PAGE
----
Indonesia ‘still weighing’ repeal of nickel ore export ban
JAKARTA: Indonesia is still considering whether to resume nickel ore exports amid broader talks on the mining rules in Southeast Asia’s biggest economy, the mining minister said yesterday, and expects to make a decision within weeks.
Indonesia banned exports of unprocessed nickel ore in 2014. Smelter companies have said they fear a reversal of the ban would undermine prices of the metal and put at risk up to US$12 billion in investments.
“It is still being discussed whether nickel (ore) can be exported or not,” Mining Minister Luhut Pandjaitan told reporters, referring to rules on nickel ore. The government expects to reach a decision on the rules within weeks, he said.
Pandjaitan said the government was looking into rules on ore with a 1.8% nickel content, “because no one can process it domestically. Perhaps we will consider exporting it.”
The Philippines took the crown as the world’s top nickel ore exporter after Indonesia banned nickel ore shipments, and now accounts for around one-quarter of the world’s mined nickel supply, most of which is shipped to China.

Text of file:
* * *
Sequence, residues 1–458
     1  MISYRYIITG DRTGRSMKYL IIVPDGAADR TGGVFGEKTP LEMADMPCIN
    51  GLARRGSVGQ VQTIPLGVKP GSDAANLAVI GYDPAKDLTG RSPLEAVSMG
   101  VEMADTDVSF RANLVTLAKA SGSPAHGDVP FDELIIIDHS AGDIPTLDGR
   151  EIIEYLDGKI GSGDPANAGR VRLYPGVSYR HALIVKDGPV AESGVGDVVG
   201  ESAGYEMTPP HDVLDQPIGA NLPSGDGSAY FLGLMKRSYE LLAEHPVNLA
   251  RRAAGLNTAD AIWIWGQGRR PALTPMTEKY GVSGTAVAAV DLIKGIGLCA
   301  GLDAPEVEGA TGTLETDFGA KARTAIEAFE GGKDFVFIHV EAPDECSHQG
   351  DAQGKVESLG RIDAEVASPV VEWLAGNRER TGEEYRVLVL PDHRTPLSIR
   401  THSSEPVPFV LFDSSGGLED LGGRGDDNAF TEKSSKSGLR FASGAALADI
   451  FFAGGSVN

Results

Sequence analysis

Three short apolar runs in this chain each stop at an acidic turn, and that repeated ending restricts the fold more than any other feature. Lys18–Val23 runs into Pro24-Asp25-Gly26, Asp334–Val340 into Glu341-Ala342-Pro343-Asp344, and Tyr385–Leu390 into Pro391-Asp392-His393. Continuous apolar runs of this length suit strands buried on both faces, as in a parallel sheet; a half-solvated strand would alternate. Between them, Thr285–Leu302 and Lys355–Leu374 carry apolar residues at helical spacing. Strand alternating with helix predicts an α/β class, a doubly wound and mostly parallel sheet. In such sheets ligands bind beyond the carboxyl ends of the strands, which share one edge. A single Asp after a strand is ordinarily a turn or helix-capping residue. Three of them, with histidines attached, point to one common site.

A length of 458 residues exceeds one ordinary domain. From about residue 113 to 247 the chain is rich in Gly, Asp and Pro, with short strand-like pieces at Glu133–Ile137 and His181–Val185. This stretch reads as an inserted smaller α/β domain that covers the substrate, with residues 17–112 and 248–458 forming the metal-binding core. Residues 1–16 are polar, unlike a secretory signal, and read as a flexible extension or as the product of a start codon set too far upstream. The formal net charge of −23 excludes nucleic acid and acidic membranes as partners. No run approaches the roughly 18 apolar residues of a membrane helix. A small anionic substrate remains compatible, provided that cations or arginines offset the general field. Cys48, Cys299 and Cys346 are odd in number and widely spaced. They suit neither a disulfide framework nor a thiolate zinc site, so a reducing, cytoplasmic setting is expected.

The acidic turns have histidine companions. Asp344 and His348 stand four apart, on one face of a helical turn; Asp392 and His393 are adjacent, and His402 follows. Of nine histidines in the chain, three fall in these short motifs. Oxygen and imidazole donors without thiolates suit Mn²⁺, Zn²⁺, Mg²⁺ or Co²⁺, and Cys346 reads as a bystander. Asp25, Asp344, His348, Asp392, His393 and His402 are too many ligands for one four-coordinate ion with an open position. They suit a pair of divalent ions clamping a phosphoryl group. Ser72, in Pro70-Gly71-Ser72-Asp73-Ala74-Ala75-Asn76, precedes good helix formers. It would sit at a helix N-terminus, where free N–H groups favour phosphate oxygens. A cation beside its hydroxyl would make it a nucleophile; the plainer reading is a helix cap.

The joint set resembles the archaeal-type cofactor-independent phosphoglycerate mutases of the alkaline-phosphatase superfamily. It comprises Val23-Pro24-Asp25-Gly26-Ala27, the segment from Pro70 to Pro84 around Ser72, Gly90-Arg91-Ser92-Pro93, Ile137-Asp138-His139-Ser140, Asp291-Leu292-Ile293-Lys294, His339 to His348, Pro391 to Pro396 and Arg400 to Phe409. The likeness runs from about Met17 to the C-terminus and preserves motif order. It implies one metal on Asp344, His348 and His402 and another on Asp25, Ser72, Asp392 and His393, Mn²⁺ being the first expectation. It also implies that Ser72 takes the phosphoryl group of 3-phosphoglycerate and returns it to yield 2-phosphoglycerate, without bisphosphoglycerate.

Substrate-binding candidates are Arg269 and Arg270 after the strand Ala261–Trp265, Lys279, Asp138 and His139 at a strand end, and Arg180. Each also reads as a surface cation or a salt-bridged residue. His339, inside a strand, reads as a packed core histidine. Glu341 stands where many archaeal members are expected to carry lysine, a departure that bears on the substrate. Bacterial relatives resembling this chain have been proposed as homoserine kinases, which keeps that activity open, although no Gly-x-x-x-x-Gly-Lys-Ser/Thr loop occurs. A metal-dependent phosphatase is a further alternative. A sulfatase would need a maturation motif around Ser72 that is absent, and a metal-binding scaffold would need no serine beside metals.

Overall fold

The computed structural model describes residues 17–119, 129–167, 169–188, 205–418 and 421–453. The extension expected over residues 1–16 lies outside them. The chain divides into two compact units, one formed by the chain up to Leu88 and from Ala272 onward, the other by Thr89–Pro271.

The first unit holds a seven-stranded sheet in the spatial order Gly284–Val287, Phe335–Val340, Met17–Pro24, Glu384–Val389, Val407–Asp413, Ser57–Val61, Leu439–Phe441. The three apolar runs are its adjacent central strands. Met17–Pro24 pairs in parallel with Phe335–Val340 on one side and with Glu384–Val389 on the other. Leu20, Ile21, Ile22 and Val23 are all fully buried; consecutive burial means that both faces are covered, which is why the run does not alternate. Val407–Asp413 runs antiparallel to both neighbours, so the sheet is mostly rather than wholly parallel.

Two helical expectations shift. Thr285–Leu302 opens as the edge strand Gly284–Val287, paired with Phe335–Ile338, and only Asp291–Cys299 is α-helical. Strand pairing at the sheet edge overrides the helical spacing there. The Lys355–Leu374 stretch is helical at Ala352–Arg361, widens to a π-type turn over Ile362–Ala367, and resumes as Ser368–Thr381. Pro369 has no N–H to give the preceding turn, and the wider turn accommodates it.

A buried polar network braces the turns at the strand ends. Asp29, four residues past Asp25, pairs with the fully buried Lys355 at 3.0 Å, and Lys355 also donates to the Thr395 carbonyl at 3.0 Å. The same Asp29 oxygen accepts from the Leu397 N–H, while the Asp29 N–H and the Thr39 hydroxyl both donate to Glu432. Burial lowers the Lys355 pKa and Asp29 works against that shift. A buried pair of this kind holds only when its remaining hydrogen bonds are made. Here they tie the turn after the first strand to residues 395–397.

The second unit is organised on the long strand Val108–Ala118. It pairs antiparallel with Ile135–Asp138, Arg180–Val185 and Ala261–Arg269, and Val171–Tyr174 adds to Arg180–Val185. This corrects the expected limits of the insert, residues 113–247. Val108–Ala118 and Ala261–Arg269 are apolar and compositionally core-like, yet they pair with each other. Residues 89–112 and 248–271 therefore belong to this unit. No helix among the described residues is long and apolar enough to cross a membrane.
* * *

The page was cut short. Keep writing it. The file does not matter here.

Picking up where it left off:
But Indonesia has found compensation in shipping nickel pig iron to China, India and other buyers, and the industry now worries that resuming ore exports could undermine the prices for such semi-finished and refined metals.
“Actually no one supports there being ore (exports) any more,” Jonatan Handojo, executive director of Indonesia’s main smelter industry association, told Reuters.
Overturning the ban would go against the wishes of most of the participants in Indonesia’s nickel smelter industry, Handojo said, dismissing a “handful” of companies, such as Indonesian state owned miner Aneka Tambang, which hope that Indonesia will again open up nickel ore exports to prop up income and support financing for smelter investments.
Pandjaitan said: “There is no way we can satisfy everyone, but we are trying to be as fair as possible, and to act in the interests of the government, the people of Indonesia and investors in that sector.”
Nickel prices hit a seven-week high of US$10,900 (RM44,908) a tonne on the London Metal Exchange last week, after the Philippines intensified its crackdown on nickel miners.